When the scaffolds 20′″ are oriented concentrically and then expanded, portions of the inner scaffold 20′″ expand outwardly, while portions of the outer scaffold 20′″ collapse inwardly. The adjacent portions of each scaffold 20′″ substantially inhibit the remaining scaffold 20′″ from collapsing under external pressure. Such scaffolds 20′″ can be formed, for example, from shape-memory material that is inserted in a collapsed configuration and expanded after insertion into a vertebral body.
  • [0047]
    FIGS. 9-11 illustrate a medical device 100 that includes a scaffold 200 having a first portion 210 and a second portion 220 that are collectively movable between a first collapsed configuration (see FIG. 10) and a second expanded configuration (see FIG. 11). The first portion 210 and the second portion 220 are physically distinct. The first portion 210 is configured to contact the second portion 220 when the scaffold 200 is in its first configuration. When the scaffold 200 is moved to its second configuration, the first portion 210 is spaced apart from the second portion 220 as illustrated in FIG. 11.
  • [0048]
    An actuator 130 is removably coupled to the scaffold 200. The actuator 130 is configured to move the scaffold 200 from the first configuration to the second configuration. A sleeve 300 is disposed around the scaffold 200. The sleeve 300 is configured to bias the first portion 210 of the scaffold 200 towards the second portion 220 of the scaffold 200. In some embodiments, the sleeve is substantially elastic. When outward pressure of the actuator 130 is sufficient, the outward pressure can overcome the elasticity of the sleeve 300. The properties of the sleeve 300 may be varied such that the firs portion 210 of the scaffold 200 expands at a different rate than the second portion 220 of the scaffold 200 when actuated. In other words, the scaffold 200 can be expanded in an anisotropic manner.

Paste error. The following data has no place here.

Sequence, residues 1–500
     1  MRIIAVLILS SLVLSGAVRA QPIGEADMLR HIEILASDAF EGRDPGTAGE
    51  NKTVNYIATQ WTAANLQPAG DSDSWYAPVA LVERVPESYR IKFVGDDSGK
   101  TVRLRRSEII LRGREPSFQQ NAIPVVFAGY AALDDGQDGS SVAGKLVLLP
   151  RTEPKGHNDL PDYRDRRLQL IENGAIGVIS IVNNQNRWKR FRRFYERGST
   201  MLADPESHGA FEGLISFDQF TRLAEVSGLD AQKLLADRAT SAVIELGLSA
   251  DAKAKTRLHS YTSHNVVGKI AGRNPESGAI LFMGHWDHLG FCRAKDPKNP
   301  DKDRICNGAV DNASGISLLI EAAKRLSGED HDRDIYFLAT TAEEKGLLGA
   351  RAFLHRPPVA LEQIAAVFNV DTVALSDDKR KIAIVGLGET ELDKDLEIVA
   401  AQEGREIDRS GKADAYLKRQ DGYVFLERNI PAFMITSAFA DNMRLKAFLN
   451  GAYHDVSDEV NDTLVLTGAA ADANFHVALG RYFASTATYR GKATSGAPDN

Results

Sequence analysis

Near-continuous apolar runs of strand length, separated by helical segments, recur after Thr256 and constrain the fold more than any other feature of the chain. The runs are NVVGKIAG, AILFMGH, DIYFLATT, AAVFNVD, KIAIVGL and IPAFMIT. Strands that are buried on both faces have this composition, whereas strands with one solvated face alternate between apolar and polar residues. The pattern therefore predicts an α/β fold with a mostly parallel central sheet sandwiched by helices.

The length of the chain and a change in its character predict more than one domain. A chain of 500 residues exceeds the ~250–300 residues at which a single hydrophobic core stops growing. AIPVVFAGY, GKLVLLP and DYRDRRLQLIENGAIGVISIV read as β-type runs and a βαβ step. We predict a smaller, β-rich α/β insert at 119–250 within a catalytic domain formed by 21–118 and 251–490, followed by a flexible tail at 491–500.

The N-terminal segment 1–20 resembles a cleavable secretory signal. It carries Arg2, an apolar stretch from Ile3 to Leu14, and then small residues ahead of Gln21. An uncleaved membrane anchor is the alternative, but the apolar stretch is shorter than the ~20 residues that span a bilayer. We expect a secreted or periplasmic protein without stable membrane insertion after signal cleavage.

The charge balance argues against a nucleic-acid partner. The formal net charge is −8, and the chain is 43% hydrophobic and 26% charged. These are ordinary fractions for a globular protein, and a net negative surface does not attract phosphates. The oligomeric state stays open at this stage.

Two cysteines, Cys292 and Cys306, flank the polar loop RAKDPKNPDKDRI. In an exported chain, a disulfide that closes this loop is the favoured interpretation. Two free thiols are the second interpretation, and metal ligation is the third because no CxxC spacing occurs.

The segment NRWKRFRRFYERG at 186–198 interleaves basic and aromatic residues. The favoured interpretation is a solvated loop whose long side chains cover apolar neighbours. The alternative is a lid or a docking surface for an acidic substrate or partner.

• [0049]
    Medical device 500, according to an embodiment of the invention is illustrated in FIGS. 12 through 14. FIG. 12 is a side cross-sectional view of the medical device 500 in its first configuration. FIG. 13 is a side cross-sectional view of the medical device 500 as illustrated on FIG. 12 in its second configuration. FIG. 14 is a perspective view of medical device 500 according to an embodiment of the invention in its second configuration.
  • [0050]
    As illustrated in FIGS. 12 through 14, the scaffold 520 has a substantially spiral shape. As illustrated in FIGS. 12 and 13, when the selectively-expandable actuator 530 is moved to its second configuration, only a portion 522 of the scaffold 520 that is contacted by the actuator 530 is moved to a second configuration and the portion 524 of the scaffold 520 not contacted by the actuator does not move to the second configuration.
  • [0051]
    The scaffold 520 can be either elastically or plastically deformed. Additionally, the selectively-expandable actuator 530 can be either uniformly expandable or non-uniformly expandable such that the shape of the scaffold 520 in its second configuration may vary along its length.
  • CONCLUSION
  • [0052]
    While various embodiments of the invention have been described above, it should be understood that they have been presented by way of example only, and not limitation. Thus, the breadth and scope of the invention should not be limited by any of the above-described embodiments, but should be defined only in accordance with the following claims and their equivalents.
  • [0053]
    While the invention has been particularly shown and described with reference to embodiments thereof, it will be understood by those skilled in art that various changes in form and details may be made therein without departing from the spirit and scope of the invention.